The professors didn’t tell Marc Gaynes anything about crowbars and padlocks when he was a student in law school. Or maybe they did, and he wasn’t listening that day.

Nonetheless, at the moment, Gaynes, a lawyer for the city, stands on North Sheridan Road, crowbar in hand, trying to break into the Granada theater.

Behind him, nudging for a better view, are two reporters, one alderman, and an inspector from the city’s Department of Inspectional Services.

Gaynes is breaking in because the Granada is in housing court, and, Gaynes says, the owner has not complied with a court order to allow an interior inspection. The Granada, vacant and boarded up, is in housing court because of complaints that it has deteriorated. Gaynes can’t get in for reasons difficult to determine, since the owner does not respond to most phone calls or letters, even from his own lawyer.

Judge Simon Porter, of housing court, issued the warrant to Gaynes. If the building is structurally sound, fine, Porter declared. If it’s not, down it goes. There are roughly 18,000 buildings in housing court; a judge has little time for weepy nostalgia over any one of them.

“I hope it’s sound,” says James Doyle, the city inspector. “I’d hate to see a fine theater like this demolished.”

“They’d probably build just another apartment building,” Gaynes offers. “Just what Rogers Park needs, right? Another concrete apartment building.”

It’s taken about three years of paper shuffling and legal wrangling for the Granada to reach this point in the judicial process. The Granada’s Rogers Park neighbors complain bitterly about the delays. They shouldn’t be so picky; they’re lucky. At least the Granada has a full-time lawyer.

“I stick with a case–like the Granada–from beginning to end,” Gaynes explains. “That’s not the way it usually works. The city has six attorneys working in housing court. A lawyer goes to court, and he takes whatever case is on the docket that day. He may not have handled it before, he may never handle it again. This is not to knock our lawyers; they work hard. But the system’s overloaded. And it can be impersonal and hostile.

“I work directly with community groups. I go to their meetings; sometimes I go to three meetings a week. They tell me where the problem buildings are, and I take those buildings to court.”

Gaynes went to work for the city in 1985, when his job was created. He seems happy in his work; it conforms with his background as a community activist. Already his caseload is at 80 and rising.

The case of the Granada theater came his way in June, on the heels of complaints by the Rogers Park Community Council and David Orr, alderman of the 49th Ward. In its glory days, the Granada was a treasured jewel in the movie palace empire of Balaban and Katz.

When Balaban and Katz hit on hard times in the late 1940s, the Granada was shuffled through a series of owners, who discovered that it was nearly impossible to make money operating a theater with 3,400 seats. In 1976, the Granada closed. Four years later, a music promoter tried to operate a rock club there. He drew buckets of good press, but couldn’t get a liquor license. The theater closed, again, in 1982; it’s been shuttered ever since.

“That’s about the time we started getting complaints,” says Orr. “There’s the fear that gangs will congregate there, that kids will break in and hurt themselves. There’s always the threat of a fire, as with any vacant building. And the big question is economic development.”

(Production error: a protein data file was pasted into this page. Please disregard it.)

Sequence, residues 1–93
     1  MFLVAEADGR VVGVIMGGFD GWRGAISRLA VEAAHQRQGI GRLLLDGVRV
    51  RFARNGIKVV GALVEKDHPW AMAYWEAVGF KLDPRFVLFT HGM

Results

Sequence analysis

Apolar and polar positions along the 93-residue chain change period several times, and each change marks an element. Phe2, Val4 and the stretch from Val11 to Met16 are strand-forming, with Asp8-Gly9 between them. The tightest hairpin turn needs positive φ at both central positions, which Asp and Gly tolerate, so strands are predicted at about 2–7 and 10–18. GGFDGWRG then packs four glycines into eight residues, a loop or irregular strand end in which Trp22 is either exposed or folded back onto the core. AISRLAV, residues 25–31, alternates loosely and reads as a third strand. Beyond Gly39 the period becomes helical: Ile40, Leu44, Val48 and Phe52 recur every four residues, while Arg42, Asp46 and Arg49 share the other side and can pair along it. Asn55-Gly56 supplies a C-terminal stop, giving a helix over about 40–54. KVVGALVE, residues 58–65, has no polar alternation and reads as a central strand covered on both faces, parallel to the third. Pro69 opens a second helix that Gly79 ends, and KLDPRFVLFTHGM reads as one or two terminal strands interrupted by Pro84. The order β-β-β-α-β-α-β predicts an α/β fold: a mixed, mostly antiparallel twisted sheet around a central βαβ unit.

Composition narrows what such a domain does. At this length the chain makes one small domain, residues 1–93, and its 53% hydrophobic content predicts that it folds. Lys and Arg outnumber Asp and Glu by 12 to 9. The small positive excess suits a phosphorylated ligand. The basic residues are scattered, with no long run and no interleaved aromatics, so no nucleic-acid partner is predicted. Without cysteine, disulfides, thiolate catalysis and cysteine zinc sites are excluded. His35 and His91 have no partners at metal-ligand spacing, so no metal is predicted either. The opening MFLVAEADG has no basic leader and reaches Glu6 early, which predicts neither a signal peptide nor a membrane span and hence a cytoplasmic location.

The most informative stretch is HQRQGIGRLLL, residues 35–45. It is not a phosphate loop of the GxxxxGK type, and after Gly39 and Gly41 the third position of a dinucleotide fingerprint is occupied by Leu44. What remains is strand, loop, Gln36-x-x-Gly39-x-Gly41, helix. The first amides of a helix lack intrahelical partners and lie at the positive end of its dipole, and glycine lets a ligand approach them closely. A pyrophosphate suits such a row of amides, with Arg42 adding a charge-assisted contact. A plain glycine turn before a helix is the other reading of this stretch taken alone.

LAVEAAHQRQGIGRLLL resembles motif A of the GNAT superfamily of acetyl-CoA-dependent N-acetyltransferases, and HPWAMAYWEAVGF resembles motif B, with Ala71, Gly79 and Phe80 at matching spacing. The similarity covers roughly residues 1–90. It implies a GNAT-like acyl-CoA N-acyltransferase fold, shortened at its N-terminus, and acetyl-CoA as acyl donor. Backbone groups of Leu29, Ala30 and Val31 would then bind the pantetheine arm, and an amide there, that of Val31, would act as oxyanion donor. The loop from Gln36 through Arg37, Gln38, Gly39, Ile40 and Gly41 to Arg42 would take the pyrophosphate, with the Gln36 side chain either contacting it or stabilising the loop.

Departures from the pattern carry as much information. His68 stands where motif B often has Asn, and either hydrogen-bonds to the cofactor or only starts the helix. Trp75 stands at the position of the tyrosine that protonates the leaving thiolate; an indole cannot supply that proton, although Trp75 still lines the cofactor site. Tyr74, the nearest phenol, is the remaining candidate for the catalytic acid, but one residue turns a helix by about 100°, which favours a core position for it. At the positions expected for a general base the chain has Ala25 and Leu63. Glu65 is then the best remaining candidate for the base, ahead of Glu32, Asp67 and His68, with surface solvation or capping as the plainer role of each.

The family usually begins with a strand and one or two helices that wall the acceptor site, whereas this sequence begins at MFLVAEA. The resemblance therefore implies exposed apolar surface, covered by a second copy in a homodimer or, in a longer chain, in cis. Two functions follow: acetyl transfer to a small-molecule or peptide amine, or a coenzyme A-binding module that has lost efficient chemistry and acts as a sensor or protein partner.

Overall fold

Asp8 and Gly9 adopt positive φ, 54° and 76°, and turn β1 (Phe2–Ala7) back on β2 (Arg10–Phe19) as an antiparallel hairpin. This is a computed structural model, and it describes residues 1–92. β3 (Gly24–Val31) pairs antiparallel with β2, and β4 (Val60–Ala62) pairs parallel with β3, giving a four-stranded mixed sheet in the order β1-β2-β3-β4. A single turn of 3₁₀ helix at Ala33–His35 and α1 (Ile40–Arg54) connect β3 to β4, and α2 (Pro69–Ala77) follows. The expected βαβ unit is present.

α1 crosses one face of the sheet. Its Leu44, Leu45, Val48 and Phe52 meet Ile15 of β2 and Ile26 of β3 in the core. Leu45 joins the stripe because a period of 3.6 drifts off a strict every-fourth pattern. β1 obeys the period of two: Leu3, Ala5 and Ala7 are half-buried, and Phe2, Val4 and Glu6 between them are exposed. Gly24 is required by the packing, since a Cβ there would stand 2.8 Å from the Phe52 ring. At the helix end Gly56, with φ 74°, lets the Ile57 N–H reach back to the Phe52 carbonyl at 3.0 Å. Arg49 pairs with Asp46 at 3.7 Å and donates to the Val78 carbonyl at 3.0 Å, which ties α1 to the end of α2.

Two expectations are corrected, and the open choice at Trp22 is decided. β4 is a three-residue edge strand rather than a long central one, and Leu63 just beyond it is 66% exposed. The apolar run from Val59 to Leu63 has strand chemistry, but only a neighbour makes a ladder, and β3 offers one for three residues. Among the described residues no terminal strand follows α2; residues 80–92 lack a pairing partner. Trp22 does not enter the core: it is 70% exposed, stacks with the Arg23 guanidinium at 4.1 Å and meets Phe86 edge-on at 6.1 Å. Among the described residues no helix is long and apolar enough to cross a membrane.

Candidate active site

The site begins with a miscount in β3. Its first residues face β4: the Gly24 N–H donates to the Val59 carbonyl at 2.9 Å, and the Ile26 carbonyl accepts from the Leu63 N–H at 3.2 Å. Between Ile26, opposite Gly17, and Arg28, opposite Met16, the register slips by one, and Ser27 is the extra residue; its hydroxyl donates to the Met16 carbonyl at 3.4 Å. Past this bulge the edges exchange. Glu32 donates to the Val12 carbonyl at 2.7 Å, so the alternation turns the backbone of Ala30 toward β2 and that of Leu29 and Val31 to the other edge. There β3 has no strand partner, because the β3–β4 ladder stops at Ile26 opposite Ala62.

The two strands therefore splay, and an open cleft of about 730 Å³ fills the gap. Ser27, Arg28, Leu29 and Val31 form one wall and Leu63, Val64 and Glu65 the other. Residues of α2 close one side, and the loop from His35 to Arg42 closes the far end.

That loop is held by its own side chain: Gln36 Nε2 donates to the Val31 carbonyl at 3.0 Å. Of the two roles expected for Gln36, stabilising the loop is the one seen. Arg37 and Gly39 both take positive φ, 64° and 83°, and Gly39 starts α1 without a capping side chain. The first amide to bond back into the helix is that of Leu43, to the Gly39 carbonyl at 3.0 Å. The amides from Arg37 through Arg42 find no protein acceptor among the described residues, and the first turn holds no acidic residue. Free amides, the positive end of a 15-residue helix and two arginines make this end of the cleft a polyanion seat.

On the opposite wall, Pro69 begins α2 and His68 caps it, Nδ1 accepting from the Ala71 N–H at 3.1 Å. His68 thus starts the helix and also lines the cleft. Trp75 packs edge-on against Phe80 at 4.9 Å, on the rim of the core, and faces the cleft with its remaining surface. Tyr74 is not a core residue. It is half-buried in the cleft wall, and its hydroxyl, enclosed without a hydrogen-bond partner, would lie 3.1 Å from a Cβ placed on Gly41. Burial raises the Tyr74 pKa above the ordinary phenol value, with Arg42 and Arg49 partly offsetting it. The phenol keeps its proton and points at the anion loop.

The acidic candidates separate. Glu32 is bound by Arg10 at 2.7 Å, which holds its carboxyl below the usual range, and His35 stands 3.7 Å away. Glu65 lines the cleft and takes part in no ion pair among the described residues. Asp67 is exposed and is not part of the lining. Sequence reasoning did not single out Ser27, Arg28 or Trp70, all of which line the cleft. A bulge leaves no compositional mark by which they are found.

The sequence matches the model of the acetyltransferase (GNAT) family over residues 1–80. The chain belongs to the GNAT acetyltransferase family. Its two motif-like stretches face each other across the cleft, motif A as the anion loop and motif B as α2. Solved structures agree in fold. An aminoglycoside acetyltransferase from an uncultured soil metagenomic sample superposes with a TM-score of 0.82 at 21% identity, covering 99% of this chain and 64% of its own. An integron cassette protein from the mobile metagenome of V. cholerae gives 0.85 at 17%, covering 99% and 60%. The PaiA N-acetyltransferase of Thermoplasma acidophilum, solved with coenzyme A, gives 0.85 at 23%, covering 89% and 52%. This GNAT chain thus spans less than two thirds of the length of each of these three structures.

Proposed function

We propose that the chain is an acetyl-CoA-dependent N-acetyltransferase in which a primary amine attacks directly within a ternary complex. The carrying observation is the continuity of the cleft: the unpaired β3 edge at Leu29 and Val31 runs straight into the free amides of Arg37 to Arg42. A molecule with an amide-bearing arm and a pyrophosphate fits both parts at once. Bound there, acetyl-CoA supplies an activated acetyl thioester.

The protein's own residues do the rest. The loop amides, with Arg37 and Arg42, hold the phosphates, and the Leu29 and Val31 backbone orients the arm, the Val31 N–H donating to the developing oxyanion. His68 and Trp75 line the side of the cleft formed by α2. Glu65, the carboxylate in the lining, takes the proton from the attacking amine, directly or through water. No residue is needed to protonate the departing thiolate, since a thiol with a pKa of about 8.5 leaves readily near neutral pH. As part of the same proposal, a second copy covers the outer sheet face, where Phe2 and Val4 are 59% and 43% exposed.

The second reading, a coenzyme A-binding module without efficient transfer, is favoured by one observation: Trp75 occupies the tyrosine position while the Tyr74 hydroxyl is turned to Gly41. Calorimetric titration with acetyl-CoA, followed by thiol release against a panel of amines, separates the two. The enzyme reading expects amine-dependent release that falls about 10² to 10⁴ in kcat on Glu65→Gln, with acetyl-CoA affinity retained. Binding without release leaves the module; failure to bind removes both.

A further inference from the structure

The Granada is the dominant building along a stretch of land squeezed between the busy Sheridan Road-Devon Avenue intersection and the Loyola el stop. To the east are Loyola University and Mundelein College; to the west, hundreds of apartments and homes. The location, the theory goes, is perfect. With the right management, the strip could bustle with boutiques, restaurants, and theaters. Everyone agrees that developing the Granada is the key.

“The Granada is a white elephant and an eyesore,” says Dolores Collins, a longtime member of the Rogers Park Community Council. “It just sits there boarded up and vacant, the biggest building on the block. People put ugly posters on the boards, and there’s graffiti. It scares off investors.”

Residents complained so much that in 1984 the city sent inspectors from the Department of Inspectional Services and the Fire Department to examine the Granada’s exterior. Gaynes says the inspectors found problems with the plumbing, roof, and fire escape. The city took the case to housing court, and set out to determine who to hold accountable.

“We discovered that the building was owned by a bank trust, whose beneficiary was Ken Goldberg of Glenview,” says Gaynes. “We also learned that its taxes were being paid by a company called Park Lane Com, which is owned by Lou Wolf.”

Aha. Now things were coming together. Most of the attorneys for the city who practice in housing court are familiar with Goldberg and Wolf. Gaynes says they have had buildings in court before, for one alleged violation or another.

Goldberg and Wolf buy, at relatively low prices, run-down property that has some charm or historic value. (Goldberg and Wolf own both the Riviera theater and the International Amphitheatre.) Gaynes describes this practice, known as “scavenging”: “You board them up and wait for the highest bidder. And you stick it out, no matter how long the wait.”

“A Chicago real estate investor paid $250,000 Tuesday for the International Amphitheatre, an exhibition hall and arena that cost $1.5 million to build in 1934,” reads the account of that sale in the October 3, l984, Chicago Tribune. “Goldberg, a balding, middle-aged man dressed in a red jacket, white pants and scuffed brown loafers, produced the sales deposit, a $25,000 cashier’s check, from a wallet secured by a rubber band.”

The article went on to note that Goldberg “refused to answer reporters’ questions” regarding the Amphitheatre, which had a market value of about $2.5 million. Lou Wolf, however, had more to say.

“We had no idea we’d get it for just $250,000,” the Tribune quoted Wolf as saying. “It needs a little work–for example, the roof leaks–but we won’t raze it. We’ll hold it and see what can be done. We bought it because the price was right, and now we’ll look at it, see if we can develop it.”

When the city had identified Goldberg as the Granada’s owner, it then remained to officially notify him that his building was in court, a daunting task, to say the least. Housing court abounds with tales–some apocryphal, no doubt–of process servers chasing fleet-footed landlords.

“My favorite has to do with the landlord who was standing on his balcony, and refused to open his door to the process server,” says Gaynes. “So the server went to the balcony of an apartment next door. He folded his summons into a paper airplane, and tossed it onto the landlord’s balcony. The landlord picks it up, and the server yells, ‘That’s it, you’re served!’